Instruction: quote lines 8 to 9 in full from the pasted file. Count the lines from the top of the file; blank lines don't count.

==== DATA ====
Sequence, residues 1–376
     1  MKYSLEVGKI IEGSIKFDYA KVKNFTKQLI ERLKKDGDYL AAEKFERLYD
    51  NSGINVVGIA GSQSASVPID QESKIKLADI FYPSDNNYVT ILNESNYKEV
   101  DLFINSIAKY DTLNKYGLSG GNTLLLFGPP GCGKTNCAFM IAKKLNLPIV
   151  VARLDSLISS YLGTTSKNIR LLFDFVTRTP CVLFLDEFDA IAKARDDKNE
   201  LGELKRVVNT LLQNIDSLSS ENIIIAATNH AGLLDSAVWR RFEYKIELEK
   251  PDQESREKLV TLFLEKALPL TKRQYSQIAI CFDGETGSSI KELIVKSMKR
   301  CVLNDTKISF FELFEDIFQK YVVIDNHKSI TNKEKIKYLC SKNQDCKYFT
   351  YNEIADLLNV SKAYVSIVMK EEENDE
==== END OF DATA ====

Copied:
   301  CVLNDTKISF FELFEDIFQK YVVIDNHKSI TNKEKIKYLC SKNQDCKYFT
   351  YNEIADLLNV SKAYVSIVMK EEENDE